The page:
This post was originally published on the VINAzine. <3 

Why Making Friends Online is Totally Normal

Why Making Friends Online is Totally Normal

Before the internet, a girl from Indiana couldn’t fathom making friends with someone from California. Or Australia. Or even someone in her city, without leaving the comfort of her home. My goodness, how things have changed.

Over the last decade, we have witnessed technology evolve right before our eyes – it’s bringing us together, from all corners of the globe. And it’s freaking awesome.

I grew up in a very rural area of the Midwest – back then, we relied on making friends in our hometowns or from neighboring schools through sporting events and after school activities. Until we could drive and get jobs outside our small town, our friend circles revolved around who was in our classes or extra curriculars. But when I was thirteen, the internet finally arrived in my area.

I remember chatting online with people in my area then making plans to meet them when our schools played each other in basketball or football. I was able to make friends outside the small circle of people I knew my whole life, and I loved it. It’s true – I was hooked on making friends with strangers through the computer. Some I’d meet in person, and who are important people in my life still. Some I still talk with online, still having never met them in person.

When I was a kid though, I was teased for chatting online with strangers. People in my class thought I was lame for chatting on ICQ or AIM, but I didn’t care. I loved meeting new people, in person or over a computer. Fast-forward (more than) a few years later… it’s now considered normal to find relationships and meet new friends off the internet based on your common interests. YAAS, FINALLY!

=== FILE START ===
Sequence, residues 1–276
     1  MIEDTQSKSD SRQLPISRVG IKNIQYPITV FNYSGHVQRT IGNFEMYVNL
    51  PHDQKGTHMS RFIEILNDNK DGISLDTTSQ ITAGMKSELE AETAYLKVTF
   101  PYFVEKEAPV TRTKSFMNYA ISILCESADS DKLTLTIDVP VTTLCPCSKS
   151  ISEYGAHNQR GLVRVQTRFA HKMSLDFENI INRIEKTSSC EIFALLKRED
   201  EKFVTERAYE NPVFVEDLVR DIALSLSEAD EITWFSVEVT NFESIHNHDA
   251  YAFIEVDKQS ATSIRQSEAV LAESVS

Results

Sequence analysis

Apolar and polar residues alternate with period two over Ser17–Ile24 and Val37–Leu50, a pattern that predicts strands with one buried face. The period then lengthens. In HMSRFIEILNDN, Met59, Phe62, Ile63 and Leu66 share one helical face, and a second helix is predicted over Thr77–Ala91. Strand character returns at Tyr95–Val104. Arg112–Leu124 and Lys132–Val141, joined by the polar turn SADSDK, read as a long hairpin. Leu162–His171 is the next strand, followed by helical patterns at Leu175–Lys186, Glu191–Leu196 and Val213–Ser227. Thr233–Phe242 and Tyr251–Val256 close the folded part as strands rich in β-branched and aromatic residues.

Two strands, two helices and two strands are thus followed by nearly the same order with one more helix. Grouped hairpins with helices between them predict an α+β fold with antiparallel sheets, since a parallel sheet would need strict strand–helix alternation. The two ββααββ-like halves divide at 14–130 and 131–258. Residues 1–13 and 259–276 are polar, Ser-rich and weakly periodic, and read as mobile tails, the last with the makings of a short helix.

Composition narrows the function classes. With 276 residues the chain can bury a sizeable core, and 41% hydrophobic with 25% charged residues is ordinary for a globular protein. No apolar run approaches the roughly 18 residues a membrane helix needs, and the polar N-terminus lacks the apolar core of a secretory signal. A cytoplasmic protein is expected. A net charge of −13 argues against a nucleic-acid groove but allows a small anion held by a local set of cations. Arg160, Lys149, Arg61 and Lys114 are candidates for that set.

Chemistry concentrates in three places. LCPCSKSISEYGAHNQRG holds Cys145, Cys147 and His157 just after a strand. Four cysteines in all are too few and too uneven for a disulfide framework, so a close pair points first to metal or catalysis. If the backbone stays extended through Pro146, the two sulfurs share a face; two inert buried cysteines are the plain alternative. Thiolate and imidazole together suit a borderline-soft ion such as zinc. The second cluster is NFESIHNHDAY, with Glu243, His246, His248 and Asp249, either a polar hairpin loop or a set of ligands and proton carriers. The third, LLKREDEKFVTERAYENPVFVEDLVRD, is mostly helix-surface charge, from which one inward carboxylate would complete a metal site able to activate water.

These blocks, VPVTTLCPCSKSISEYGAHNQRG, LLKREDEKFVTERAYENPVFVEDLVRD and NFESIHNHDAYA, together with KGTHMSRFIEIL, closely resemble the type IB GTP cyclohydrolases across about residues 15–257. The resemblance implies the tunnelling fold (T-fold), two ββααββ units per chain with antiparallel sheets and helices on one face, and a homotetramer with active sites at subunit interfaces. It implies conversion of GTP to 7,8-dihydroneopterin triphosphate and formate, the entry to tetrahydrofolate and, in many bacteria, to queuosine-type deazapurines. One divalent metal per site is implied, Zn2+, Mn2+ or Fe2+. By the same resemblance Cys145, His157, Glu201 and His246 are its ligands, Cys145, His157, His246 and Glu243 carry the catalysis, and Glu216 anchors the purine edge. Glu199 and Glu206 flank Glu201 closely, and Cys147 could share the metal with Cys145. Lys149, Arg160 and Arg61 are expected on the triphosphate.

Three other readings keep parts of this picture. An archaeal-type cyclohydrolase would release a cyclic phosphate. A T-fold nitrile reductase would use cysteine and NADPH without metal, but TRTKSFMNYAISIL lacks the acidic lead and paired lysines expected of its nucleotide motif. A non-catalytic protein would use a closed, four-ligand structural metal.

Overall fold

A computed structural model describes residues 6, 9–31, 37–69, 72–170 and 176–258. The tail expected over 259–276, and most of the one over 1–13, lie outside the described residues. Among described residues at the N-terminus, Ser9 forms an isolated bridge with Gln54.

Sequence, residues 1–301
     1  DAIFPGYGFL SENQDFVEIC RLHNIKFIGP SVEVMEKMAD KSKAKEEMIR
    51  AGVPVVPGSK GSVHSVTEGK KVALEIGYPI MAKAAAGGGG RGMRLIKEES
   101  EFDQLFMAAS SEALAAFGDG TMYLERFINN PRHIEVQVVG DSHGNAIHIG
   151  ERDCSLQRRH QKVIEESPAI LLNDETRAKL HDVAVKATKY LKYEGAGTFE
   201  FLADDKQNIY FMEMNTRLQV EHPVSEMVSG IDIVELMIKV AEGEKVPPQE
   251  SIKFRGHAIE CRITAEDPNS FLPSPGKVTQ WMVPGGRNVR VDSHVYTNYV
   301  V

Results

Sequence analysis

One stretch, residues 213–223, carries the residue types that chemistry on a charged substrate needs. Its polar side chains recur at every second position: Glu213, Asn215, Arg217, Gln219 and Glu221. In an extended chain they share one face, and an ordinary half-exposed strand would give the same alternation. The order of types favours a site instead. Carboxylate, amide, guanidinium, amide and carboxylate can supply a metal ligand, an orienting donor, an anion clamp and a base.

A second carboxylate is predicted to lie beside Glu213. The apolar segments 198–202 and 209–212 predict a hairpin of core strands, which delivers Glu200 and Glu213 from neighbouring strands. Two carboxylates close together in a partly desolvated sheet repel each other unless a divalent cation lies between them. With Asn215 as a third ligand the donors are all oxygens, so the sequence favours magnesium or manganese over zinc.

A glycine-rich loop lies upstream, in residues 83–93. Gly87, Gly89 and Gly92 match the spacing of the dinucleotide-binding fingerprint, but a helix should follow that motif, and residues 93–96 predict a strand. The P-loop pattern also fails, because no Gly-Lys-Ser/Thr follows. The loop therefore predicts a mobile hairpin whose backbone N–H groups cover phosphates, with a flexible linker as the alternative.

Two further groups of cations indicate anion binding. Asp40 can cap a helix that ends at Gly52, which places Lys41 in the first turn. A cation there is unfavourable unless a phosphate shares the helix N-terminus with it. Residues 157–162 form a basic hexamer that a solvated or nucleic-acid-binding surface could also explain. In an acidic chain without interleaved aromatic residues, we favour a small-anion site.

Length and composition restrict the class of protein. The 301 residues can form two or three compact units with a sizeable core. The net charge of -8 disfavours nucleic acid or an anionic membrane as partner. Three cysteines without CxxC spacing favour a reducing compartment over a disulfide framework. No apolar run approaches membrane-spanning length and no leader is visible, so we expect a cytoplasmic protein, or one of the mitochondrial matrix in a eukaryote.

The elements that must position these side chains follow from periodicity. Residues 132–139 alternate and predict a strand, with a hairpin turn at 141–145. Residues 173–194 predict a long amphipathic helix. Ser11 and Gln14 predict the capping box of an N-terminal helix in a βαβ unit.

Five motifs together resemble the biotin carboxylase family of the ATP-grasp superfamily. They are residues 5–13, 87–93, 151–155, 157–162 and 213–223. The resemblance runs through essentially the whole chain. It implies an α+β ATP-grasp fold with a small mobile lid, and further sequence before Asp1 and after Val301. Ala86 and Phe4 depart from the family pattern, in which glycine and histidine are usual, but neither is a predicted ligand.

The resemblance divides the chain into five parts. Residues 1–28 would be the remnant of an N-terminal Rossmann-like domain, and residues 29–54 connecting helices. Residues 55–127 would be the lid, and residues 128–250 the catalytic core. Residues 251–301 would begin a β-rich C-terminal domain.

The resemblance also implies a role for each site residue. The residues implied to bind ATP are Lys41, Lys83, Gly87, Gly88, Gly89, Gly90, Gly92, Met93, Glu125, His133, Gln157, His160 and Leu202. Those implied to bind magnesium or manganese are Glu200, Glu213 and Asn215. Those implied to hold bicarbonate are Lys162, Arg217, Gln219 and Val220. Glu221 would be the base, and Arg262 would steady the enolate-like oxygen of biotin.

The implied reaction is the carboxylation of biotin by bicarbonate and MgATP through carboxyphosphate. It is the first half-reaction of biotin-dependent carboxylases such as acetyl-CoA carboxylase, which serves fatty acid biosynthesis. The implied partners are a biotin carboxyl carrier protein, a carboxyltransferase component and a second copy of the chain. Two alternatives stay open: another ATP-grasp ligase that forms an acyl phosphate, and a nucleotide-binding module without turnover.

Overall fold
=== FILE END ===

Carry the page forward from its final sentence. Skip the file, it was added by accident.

Over the years, I’ve formed wonderful relationships with folks I’ve met online. I’ve had deep conversations with people I’ve never seen before in person through forums and social networking websites. I’ve forged lifelong bonds with some amazing women who I see regularly. When Twitter took off, I joined solely to follow my favorite rockstar… but soon found a community of fans that were just like me. We started talking to each other online through 140 characters at a time, then ended up meeting each other at concerts all over the country. During the times we waited for (an insane amount of) hours together to snag a front row spot to see our favorite band perform, we created meaningful friendships with each other. Some of the ladies I met during that time I speak with almost daily, and they are coming to my bridal shower this spring!

With apps like Hey! VINA to bring women together, or websites like Twitter to find people who are into the same things you are, it’s so easy to make new friends online. And again, it’s freaking awesome – most women know it’s harder to make friends once they have finished their college years, begin professional careers, or start having children.

Our circles naturally shrink when we grow older, but ladies, I’m here to tell you they don’t have to. The internet makes it SO much easier for us to form friendships with people we wouldn’t meet under what we used to consider normal circumstances. Luckily for all of us, the new normal is making friends online. The thirteen year old me is rejoicing and shouting “see, I told you this would take off!”